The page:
2017-02-09 / From The Garden

The Ideal Houseplants

By Cynthia Gibson

With gardens currently dormant, midwinter is a good time to take a fresh look at some popular houseplants. Among them is the African violet – a simple old-fashioned houseplant that you cannot kill.

A great thing about African violets is that they are available for purchase throughout the year. Between January and March, you will find fabulous varieties at your local nursery green house, florist shops and supermarkets. Surprisingly, supermarkets have some of the finest offerings.

The sign of a healthy African violet is the pom-pom of violet blossoms atop a perfectly circular display of leaves. They give year-round green leaves, and flower at least twice a year. Blossoms range in color from pure white to a raspberry red and every shade of purple in between. Some flower petals are rounded, while others are ruffled or “picotee.”

The leaves will tell you everything you need to know about the plant’s health. Many varieties have variegated leaves. Should they start to turn yellow, it’s a sign of too much or too little water. If the stems become transparent, you are over-watering. Test the moistness of the soil with your finger. A few brown leaves are signs of neglect and should be removed. African violets love indirect sunlight and will point their leaves toward the slightest bit of sun, so be sure to rotate the pot.

African violets were first known as Usambara violets. They were discovered in the forests of the Usambara mountains, southeast of Lake Victoria, in what was German East Africa (now Tanzania). They caught the eye of the district governor Baron Adalbert Emil Walter Redcliffe le Tanneaux von Saint Paul- Illaire, who collected the seeds and sent them home to Germany. Both seeds and plants were sent to the Royal Botanical Gardens in Herrenhaus, Germany, which is where the violet was given the genus name Saintpaulia after the baron.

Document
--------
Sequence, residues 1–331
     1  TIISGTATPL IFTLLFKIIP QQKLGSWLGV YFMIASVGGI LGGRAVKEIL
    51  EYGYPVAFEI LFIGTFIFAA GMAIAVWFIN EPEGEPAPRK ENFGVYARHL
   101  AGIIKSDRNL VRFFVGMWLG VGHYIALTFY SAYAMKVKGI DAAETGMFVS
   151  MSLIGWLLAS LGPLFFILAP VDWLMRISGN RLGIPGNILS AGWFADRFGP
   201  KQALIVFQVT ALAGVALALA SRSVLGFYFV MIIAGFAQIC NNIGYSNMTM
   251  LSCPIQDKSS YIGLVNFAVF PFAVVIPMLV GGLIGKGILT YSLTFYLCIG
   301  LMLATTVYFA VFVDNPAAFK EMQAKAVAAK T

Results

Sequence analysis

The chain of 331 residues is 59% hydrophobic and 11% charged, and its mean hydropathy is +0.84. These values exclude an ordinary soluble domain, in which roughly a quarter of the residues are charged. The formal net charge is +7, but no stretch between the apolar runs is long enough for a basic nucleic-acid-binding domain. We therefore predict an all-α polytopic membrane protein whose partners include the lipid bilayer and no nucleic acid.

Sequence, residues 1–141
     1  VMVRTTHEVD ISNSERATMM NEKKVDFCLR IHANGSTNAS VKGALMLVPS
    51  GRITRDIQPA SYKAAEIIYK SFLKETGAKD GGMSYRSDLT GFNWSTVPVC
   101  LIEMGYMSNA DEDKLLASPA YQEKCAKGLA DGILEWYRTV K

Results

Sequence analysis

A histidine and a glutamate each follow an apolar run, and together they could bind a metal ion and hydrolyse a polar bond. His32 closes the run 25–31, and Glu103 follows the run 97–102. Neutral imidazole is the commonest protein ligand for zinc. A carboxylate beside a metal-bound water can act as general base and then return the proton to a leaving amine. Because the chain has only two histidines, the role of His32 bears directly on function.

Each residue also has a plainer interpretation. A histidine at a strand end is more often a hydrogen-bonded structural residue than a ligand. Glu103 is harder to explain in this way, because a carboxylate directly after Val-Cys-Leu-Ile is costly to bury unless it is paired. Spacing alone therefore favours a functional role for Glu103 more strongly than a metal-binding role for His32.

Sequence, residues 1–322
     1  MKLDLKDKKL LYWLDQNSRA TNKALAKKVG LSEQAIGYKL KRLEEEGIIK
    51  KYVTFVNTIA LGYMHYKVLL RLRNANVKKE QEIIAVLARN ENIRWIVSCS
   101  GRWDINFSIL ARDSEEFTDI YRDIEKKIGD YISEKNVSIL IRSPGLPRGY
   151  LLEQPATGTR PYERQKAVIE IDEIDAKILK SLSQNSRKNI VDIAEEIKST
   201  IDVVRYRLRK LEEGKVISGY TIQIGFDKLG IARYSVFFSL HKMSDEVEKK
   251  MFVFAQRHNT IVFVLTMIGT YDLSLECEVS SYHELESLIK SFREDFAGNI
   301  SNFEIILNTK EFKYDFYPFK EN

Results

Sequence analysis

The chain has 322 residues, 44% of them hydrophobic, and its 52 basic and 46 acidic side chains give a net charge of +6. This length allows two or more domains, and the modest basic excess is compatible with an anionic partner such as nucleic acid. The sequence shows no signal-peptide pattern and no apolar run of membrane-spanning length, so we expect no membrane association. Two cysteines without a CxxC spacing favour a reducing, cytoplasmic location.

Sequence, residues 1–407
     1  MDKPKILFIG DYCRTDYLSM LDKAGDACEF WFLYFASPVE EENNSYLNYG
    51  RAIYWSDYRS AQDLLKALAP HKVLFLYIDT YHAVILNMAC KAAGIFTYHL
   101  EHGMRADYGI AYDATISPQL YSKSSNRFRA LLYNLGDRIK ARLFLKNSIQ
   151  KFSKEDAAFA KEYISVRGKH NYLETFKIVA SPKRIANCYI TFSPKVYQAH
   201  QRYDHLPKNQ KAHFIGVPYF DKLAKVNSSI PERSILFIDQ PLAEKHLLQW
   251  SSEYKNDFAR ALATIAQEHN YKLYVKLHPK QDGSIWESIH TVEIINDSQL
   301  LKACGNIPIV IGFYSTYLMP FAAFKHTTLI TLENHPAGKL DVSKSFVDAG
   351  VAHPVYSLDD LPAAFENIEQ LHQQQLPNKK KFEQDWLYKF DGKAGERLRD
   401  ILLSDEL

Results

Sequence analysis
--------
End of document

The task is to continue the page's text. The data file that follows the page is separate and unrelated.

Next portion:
The first specimens made their way to the United States from Germany in 1893, but they did not travel well and were too fragile, stalling hopes of growing them commercially. But by the 1930s with the development of the fluorescent light bulb, it was possible to ship them to grow in America and the effort saw raging success.

The breakdown of African violet classifications is as follows: standard, baby, miniature, single petals, double, Chimeras, Ukrainian, Russian, and trailing. Varieties to look for are My Sensation, Bloodshot, Midnight Waterfall, and Poetry Man. The Russian and Ukrainian varieties are amazing, looking like a cross between carnations and orchids.

Buy your plant soon to grow and show this summer at the flower show!


Local hardware stores carry all the supplies you might need, from African violet potting mix to fertilizer. The plant is happy growing in a plastic azalea pot, which is more shallow than a typical flower pot. You can later move it to a prettier cachepot for aesthetics. Your African violet will need repotting twice a year.

Cynthia Gibson is a gardener, food writer and painter. She gardens and tends her miniature orchard in Newport.

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